It’s 1973 and Billie Jean King (Emma Stone) is a top-ranked tennis player and an outspoken proponent of women’s liberation. But as we said, it’s 1973, and female players are treated as a sideshow and paid considerably less than their male counterparts, an untenable situation that prompts King, along with entrepreneur and promoter Gladys Heldman (Sarah Silverman), to form a rebel Women’s Tour in protest. Meanwhile, 55 year old former champ Bobby Riggs (Steve Carell), a showman as much as a sportsman, sees an opportunity: stage a high profile exhibition match between himself and King – a “Battle of the Sexes”, if you will. For Riggs it’s a chance to rake in some cash and boost his profile, but for King it’s an opportunity to prove on the world stage that sportswomen deserve a place at the big table, hopefully once and for all.
Directors Jonathan Drayton and Valerie Faris (Little Miss Sunshine) get a lot of mileage out of the more garish and kitsch details of the film’s period setting, both visual – the fashions, people! – and social, such as the irony of a tennis tour being sponsored by Virginia Slim cigarettes. Couple that with the often gobsmacking background radiation of misogyny that permeates Battle of the Sexes‘s setting, with its constant chorus of “little lady”‘s and patronising male authority figures, and you’ve got all the makings of a breezy look at the chauvinistic ’70s designed to make us all grateful things aren’t like that any more.
Battle of the Sexes is more complex than that, though. King was a closeted lesbian at the time, and that aspect of her life is explored through her on screen relationship with her hairdresser, Marilyn (Angela Riseborough), who accompanies her on tour while her husband, Larry (Austin Stowell) – who certainly is not blind to his wife’s preferences – mostly stays at home. The central irony of Battle of the Sexes is that, while distance means we can, to a degree, laugh at the open sexism of the ’70s it depicts, we as a culture are still negotiating LGBTQI+ rights, and quite heatedly; indeed, it’s unarguable that this theme will land harder for Australian audiences than American ones at this time, given current events surrounding the marriage quality plebiscite.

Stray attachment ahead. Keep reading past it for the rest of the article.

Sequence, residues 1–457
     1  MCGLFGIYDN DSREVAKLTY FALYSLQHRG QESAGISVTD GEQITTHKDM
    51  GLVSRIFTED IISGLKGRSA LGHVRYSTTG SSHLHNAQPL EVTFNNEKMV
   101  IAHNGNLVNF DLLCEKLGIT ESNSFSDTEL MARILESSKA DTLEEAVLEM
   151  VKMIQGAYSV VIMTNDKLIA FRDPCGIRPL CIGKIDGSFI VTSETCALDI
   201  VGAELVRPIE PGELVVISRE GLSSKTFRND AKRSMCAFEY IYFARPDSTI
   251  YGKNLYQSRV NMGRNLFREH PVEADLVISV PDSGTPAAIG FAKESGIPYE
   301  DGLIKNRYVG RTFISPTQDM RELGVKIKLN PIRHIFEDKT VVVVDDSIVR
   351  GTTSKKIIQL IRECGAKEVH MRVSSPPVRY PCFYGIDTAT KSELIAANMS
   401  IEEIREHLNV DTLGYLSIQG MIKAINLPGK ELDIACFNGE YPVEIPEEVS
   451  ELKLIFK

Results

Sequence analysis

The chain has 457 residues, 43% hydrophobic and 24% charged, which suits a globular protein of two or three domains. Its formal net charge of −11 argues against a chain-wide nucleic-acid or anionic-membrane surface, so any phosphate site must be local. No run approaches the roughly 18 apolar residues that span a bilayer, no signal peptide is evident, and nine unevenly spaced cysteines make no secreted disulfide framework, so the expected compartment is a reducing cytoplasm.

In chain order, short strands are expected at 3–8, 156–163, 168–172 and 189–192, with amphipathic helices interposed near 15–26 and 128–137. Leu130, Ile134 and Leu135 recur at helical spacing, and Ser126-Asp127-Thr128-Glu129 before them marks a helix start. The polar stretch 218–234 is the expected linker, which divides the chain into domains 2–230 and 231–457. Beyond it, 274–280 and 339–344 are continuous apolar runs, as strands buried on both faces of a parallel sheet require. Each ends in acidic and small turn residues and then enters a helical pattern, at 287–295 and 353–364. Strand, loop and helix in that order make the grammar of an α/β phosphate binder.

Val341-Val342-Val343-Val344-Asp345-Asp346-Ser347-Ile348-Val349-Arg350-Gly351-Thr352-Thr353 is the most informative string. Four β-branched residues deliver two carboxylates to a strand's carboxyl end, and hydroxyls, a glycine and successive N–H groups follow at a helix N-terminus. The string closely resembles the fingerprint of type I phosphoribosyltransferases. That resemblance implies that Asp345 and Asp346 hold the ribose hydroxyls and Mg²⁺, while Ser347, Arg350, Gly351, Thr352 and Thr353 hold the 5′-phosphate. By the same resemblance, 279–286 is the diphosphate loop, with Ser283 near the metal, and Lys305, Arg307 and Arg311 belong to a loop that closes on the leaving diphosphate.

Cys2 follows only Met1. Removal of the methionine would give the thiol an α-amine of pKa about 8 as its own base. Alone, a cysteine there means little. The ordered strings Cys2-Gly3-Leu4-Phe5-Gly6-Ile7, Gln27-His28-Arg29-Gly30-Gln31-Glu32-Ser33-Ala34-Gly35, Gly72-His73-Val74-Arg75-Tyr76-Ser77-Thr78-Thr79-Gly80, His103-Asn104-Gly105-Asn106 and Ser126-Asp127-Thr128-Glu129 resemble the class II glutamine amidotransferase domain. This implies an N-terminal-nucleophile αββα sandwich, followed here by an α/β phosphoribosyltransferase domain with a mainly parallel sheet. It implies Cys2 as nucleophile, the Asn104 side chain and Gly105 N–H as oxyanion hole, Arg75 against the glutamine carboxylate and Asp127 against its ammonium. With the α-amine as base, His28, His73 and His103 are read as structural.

Stone gives a career-best performance as King: determined, conflicted, strong and vulnerable, unapologetic about her feminism but wrestling with the knowledge that the truth about her sexuality could ruin her. Carell provides a fascinating foil in Riggs, who is depicted not as a dyed-in-the-wool misogynist, for all that he promises “to put the show back into chauvinism”, but as an inveterate gambler and self-promoter whose principal crime is being blind to the wider implications of his showboating. The real villain of the piece is Bill Pullman’s Lawn Tennis Association honcho, Jack Kramer, the embodiment of unthinking, patronising sexism in the film’s narrative – it’s not that he doesn’t like King, he just cannot imagine a world where she – or any women – can move outside of the parameters society has set for them.
Battle of the Sexes likes to play broad, resorting to archetypes and obvious signifiers – the cigar-and-whiskey patriarchs in their smoky men’s clubs, Alan Cumming’s camp fashion designer/Greek Chorus leader – but it works much better when it irises in on moments of vulnerability and truth, such as the initial intimacy between King and Marilyn, and the scenes between Riggs and his long-suffering wife (Elisabeth Shue), who is immune, more or less, to his patter. These sequences give the proceedings heart and depth, connecting us to the wider issues in a personal and empathetic way.
Virginia Slims were marketed to women with the catchphrase “You’ve come a long way, baby.” By drawing parallels between the women’s rights movement of the ’70s and the gay rights struggles of today, Battle of the Sexes argues that perhaps we haven’t. For all that it comes across as a brisk, feel good crowdpleaser, it’s provocative and serious at its core, framing issues we are still dealing with in a bright, entertaining package.